“Less than 1 percent of all accounts generate more than 65 percent of revenue,” says Carelli. The largest customer is the Department of Justice (which, of course, means taxpayers already are funding PACER, just indirectly). Other high-volume users include commercial database providers such as Lexis-Nexis and Westlaw, which repackage PACER material in more useful and user-friendly ways and then resell it at premium prices to the legal industry and back to the federal government itself. According to Carelli, 95 percent of PACER’s users incur less than $500 a year in charges. “It’s not like Grandma and Grandpa are spending their mortgage money on PACER,” he says.
Even without old folks help, PACER is a cash cow. In 1995 the service took in approximately $5 million in revenue. By 2006 its annual haul had grown to $50 million, and in 2011, Carelli tells me, the federal judiciary generated $114 million in electronic public access fees, the great majority of which came from PACER.
The A.O. uses these fees not just to maintain and develop PACER but also to underwrite other programs that it says help improve public access to the courts, such as automating bankruptcy filing notices and purchasing flat-screen video monitors for courtroom use. According to Carelli, the A.O. is raising PACER fees to cover the development costs of the next generation of Case Management/Electronic Case Filing (CM/ECF), the management system that allows attorneys and other parties to initiate federal court cases electronically instead of filing paper versions of the documents at the courthouse. (In turn, the documents that are entered via CM/ECF end up populating the database that powers PACER. It’s these documents that are returned when users submit queries.)
Should ordinary citizens be paying higher fees to help underwrite improvements to a system that makes it cheaper and easier for attorneys to file their cases, even if they’re only spending a few bucks a year? Should Lexis-Nexis? In fact, PACER’s high access fees may be limiting its potential to generate revenue. When I suggest that unlimited free access might lead to so much usage that PACER could sustain itself on bail-bond ads alone, Carelli breaks out in laughter. “I’ve been here 12 years,” he exclaims, “and I have never heard anyone mention the possibility of the federal judiciary in any way being linked with advertising.”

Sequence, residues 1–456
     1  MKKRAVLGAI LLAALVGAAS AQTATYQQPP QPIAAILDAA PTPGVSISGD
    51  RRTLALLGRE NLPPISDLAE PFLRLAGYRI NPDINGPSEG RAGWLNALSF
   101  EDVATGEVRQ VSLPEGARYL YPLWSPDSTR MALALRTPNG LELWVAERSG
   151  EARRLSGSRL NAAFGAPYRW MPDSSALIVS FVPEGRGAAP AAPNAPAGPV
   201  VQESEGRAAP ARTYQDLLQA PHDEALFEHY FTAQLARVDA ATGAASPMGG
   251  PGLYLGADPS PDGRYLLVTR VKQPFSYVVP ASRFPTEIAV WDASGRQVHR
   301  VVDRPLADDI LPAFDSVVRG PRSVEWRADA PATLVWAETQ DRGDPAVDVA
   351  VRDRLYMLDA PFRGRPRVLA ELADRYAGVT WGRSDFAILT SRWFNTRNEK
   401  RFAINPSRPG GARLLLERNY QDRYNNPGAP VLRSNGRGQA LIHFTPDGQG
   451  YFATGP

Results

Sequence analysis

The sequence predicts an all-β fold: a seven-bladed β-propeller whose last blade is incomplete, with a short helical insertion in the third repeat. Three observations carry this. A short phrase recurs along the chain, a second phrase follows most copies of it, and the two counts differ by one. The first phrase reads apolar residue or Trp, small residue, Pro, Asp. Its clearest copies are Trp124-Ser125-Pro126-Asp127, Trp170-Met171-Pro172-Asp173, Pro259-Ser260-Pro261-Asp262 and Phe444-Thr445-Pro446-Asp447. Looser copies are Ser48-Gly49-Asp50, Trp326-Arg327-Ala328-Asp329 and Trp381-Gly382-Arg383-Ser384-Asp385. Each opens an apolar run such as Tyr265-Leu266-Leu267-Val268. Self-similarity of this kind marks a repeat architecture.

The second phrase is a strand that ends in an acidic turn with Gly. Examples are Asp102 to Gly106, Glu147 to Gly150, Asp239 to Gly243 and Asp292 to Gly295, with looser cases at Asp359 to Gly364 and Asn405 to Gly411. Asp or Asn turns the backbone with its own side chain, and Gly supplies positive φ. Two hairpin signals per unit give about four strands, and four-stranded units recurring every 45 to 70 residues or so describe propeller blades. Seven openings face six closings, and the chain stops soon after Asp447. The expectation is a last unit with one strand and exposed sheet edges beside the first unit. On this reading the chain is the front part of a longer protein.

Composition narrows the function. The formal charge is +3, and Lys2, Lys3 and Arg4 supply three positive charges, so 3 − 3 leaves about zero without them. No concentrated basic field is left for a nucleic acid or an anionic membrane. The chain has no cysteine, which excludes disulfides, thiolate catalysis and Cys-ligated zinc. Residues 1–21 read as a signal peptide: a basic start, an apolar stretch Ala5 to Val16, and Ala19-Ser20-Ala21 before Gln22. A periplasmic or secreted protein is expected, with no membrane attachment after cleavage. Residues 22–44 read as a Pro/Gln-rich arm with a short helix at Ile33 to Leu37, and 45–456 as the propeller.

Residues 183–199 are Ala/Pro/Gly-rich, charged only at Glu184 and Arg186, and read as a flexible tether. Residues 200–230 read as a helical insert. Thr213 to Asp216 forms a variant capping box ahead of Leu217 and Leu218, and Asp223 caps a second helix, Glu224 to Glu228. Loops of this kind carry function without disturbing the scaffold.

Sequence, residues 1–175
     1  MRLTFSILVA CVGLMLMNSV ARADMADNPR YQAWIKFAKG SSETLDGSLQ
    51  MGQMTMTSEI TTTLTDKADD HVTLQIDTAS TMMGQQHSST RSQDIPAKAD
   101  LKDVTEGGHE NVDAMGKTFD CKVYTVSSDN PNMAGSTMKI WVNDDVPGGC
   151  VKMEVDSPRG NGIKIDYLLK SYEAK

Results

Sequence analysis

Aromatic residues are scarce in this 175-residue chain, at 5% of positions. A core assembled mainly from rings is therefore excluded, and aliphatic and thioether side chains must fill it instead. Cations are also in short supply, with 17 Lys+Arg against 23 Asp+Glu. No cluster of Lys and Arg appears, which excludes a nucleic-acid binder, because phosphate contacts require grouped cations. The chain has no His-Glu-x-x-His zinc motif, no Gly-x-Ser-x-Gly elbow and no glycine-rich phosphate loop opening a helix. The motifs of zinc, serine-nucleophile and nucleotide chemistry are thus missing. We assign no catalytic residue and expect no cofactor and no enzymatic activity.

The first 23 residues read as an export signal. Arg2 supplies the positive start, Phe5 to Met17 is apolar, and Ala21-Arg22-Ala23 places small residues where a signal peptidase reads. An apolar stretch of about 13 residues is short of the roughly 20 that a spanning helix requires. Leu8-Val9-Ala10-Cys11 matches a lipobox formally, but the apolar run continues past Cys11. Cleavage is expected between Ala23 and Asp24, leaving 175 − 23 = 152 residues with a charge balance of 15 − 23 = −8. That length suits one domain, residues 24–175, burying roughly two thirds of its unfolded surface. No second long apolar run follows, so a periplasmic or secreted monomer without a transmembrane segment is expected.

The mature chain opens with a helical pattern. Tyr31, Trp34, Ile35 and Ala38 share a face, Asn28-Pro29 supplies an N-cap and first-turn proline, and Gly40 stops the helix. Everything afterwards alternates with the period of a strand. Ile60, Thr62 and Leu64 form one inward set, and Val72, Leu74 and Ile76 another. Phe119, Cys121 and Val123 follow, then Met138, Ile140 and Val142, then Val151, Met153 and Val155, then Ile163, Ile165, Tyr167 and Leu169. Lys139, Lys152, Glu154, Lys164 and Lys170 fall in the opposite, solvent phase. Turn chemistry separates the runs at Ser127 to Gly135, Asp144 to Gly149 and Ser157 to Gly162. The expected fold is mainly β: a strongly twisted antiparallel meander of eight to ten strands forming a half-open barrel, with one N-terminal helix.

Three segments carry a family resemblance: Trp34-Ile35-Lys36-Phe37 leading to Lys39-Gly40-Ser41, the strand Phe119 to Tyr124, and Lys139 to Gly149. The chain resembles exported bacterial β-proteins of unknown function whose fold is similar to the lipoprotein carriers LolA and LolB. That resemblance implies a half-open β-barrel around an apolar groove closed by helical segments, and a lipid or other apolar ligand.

Twelve years ago, scores of established information providers were so busy trying to figure out how they could charge users for Web content that they missed out on a chance to be Google. Even in 2012, the federal judiciary continues to think like a legacy media company. Its apparent goal is to help traditional customers use its information for the same purposes they’ve always used it for, albeit in a more efficient fashion.
Malamud and Schultze, meanwhile, have grander aspirations. Making sure that large numbers of people have access to more than one or two cases per quarter is a start. But the truly game-changing aspect of free access involves giving developers access to the entire PACER database and letting them develop new ways to filter, analyze, and distribute this valuable information. Some of these developers would be motivated by profit, others by altruism. But in the end, the culture at large would benefit as the information contained in the relatively unexploited PACER case materials became truly accessible for the first time.
“From a citizen perspective, we could build a variety of tools that would make it far easier to understand and consolidate what’s going on in the courts and track cases that deal with issues that are particularly relevant to you,” says Schultze. Ultimately, he believes, these tools would lead to a “democratization” of judicial proceedings, giving us all a much better understanding of how the cases and judicial decisions that end up having so much impact on our lives develop and play out.
There is certainly no reason why a more open PACER would have to sacrifice its self-sustaining status. If there is anything the last two decades have taught us, it’s that a $100 million surefire revenue stream is often the greatest impediment to making $1 billion.
Contributing Editor Greg Beato writes from San Francisco.